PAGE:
Imagine Assad wins and in Syria endures, after all, a status totally hostile to Western interests, policy and strategy. What would be the consequences for the West and international politics? How would the message look like?
First of all, an Assad victory would mean that the West has definitely lost its ability to create, sustain and execute strategic and political supremacy. Syria governed by Assad after the war would be a status that can hardly be reversed. Instead, some years after the dust of war would have calmed, realpolitik will celebrate a comeback (as it always does) and Western democracies, likely then governed by other leaders, will start to do business with Assad again, either out of opportunities or necessities; as it was done with Gaddafi or Assad’s father. While realpolitik enters the stage, however, behind the scenes everybody will smell the ugly smell of defeat.

Furthermore, the perception among states, which are not involved in Syria itself, has to be considered: With political cover by China and Russia, any autocratic leader can defeat the West and the more China continues to gain power the stronger is a Chinese political cover against the West for other states. Therefore, more countries will lean towards China and Russia; maybe forming some kind of authoritarian axis. The signal, moreover, is clear: an authoritarian axis could either spoil Western approaches, defeat the West to keep a status quo or – that is the new important issue – achieve a status hat the West did try to prevent. Hence, clubs like BRICS will get substance behind symbolism and after the Western wall is finally broken, for sure, “defeating the West policies” will be repeated.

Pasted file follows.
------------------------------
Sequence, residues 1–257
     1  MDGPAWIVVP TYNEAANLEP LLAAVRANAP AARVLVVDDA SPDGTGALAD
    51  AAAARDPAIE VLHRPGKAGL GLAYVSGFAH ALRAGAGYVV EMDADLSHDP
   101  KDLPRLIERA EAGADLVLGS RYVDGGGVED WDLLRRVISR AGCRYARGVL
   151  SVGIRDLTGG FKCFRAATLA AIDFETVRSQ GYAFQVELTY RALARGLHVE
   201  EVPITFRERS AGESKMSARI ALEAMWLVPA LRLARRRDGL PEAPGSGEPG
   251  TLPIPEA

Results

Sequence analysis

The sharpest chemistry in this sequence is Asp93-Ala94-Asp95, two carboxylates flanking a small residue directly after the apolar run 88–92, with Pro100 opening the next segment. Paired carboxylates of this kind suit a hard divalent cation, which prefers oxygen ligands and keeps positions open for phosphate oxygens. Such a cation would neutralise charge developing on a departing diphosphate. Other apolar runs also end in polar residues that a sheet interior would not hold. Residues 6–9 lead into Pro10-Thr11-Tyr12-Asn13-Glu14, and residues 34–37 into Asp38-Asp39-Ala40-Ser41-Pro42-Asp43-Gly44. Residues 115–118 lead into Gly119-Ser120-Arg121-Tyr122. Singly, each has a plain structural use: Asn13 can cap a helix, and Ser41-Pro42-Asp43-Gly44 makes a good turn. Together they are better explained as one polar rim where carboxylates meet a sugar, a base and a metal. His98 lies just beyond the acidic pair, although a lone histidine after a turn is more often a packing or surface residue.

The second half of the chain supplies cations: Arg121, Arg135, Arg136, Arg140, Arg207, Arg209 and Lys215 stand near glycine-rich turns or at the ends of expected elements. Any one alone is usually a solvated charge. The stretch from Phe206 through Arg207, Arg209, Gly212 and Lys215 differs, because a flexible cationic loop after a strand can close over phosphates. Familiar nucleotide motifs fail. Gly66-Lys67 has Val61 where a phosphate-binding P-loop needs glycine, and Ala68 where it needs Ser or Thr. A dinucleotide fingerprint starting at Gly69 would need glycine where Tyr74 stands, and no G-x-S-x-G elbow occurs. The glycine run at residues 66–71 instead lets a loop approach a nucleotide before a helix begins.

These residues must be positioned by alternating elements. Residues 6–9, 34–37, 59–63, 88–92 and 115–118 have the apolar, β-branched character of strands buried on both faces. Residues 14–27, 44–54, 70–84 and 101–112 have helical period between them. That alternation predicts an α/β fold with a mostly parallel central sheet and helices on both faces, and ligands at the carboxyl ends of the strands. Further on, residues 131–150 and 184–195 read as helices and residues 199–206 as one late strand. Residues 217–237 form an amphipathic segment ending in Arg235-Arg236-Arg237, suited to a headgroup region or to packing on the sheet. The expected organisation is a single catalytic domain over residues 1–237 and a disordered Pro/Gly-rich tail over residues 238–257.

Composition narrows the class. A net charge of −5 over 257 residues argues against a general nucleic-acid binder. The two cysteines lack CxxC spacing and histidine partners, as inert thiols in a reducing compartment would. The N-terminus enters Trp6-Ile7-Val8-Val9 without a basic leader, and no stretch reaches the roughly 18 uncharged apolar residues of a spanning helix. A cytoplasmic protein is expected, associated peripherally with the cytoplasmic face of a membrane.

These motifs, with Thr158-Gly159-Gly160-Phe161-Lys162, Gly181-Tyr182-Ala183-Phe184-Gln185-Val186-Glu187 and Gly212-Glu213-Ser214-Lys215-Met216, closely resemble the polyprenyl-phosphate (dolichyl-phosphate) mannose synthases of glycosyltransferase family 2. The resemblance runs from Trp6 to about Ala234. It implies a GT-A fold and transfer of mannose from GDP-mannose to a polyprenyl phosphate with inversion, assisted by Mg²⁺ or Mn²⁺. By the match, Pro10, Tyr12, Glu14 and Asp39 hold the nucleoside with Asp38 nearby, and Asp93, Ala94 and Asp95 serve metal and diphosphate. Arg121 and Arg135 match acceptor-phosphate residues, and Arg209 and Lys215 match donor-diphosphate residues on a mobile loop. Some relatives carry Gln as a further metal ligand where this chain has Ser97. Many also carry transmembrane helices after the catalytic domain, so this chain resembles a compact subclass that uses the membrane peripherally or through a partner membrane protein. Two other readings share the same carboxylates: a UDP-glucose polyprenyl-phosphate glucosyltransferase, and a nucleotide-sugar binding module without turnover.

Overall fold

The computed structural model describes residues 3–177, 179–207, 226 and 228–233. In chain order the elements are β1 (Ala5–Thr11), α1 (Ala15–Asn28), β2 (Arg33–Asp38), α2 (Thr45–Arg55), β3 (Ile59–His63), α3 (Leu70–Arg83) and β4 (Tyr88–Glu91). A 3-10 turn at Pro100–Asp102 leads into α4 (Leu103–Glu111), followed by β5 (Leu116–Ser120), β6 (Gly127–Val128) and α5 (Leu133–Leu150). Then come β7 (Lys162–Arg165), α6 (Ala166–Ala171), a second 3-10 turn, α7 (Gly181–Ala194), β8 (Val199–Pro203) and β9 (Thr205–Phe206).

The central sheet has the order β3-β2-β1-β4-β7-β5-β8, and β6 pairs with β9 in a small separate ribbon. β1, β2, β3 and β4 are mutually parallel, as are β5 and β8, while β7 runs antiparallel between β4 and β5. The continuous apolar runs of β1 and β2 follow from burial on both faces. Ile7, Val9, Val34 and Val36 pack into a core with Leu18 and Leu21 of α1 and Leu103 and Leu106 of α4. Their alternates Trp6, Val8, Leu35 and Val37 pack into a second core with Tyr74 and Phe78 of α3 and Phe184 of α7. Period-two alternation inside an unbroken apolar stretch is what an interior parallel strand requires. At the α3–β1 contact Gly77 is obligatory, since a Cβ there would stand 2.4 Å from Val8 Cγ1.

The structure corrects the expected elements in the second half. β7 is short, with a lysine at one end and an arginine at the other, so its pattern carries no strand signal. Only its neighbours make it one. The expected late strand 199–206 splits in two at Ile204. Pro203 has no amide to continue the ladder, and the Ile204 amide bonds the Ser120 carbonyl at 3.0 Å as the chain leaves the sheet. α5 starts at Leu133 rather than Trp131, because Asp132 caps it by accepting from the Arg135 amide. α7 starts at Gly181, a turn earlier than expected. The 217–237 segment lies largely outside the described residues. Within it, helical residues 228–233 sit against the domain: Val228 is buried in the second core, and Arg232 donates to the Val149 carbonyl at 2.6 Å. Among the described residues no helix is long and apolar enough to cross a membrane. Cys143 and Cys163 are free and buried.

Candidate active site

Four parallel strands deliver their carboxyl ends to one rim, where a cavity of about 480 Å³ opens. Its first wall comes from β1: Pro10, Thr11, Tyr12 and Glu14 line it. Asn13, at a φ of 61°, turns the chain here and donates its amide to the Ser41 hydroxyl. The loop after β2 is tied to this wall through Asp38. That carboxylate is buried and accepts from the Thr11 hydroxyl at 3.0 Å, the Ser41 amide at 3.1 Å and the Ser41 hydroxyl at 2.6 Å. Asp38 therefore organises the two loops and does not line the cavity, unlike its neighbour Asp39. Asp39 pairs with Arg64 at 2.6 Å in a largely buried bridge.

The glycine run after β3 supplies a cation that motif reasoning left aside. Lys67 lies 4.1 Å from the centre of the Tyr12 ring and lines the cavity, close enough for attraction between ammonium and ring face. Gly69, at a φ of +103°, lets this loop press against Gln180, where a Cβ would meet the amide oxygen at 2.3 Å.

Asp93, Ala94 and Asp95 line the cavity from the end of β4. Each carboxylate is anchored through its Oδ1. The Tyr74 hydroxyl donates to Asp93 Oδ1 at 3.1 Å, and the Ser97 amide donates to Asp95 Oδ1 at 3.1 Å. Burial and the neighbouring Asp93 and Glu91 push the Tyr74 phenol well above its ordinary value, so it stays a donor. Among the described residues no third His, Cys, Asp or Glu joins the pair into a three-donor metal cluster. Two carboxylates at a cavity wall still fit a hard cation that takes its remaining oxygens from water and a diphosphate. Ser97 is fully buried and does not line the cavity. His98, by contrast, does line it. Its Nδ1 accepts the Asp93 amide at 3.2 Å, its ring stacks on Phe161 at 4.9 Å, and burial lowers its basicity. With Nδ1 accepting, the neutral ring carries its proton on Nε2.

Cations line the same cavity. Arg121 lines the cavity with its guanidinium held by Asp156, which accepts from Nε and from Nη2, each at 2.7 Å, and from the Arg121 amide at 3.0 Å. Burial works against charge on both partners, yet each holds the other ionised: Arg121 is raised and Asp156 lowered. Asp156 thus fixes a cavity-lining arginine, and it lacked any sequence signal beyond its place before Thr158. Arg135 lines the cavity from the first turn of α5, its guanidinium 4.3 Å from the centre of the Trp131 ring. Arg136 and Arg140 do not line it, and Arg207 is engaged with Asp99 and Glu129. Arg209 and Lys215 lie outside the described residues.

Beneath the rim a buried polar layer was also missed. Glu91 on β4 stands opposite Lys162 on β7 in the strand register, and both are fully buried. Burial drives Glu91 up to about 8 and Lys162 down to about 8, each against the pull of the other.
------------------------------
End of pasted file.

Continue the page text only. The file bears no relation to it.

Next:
Disgusting present, disgusting future (Cartoon by Patrick Chappatte).

Disgusting present, disgusting future (Cartoon by Patrick Chappatte).

Lessons learned, however by the wrong states. What autocracies have to do to implement an anti-Western strategy and/or policy is to show endurance and obtain the cover of at least China or Russia. Thereby, you cannot only prevent or sustain, but rather create a specific status, which may be contrary to Western interests.

Finally, after stopping the domino effect in Syria, the autocracies would decide the place of action; the West would not. Whoever decides, on which theaters the great games go on, has the strategic initiative. Thus, after Assad defeated the West the autocracies may find out that they have far more space to create the coming years, as they would like to do.

*Personal notes of the author
Although reality may (hopefully) disprove my case regarding Syria, nevertheless, the general strategic approach will remain valid. With US and EU running from one (often self-made) nightmare to an other inside their own quagmires, now, the time is about to come when the West will be defeated.

Last but not least, many thanks to two peer reviewers for helpful feedback and comments. However, remaining mistakes are my own.

This entry was posted in Cartoon, English, Felix F. Seidler, Syria.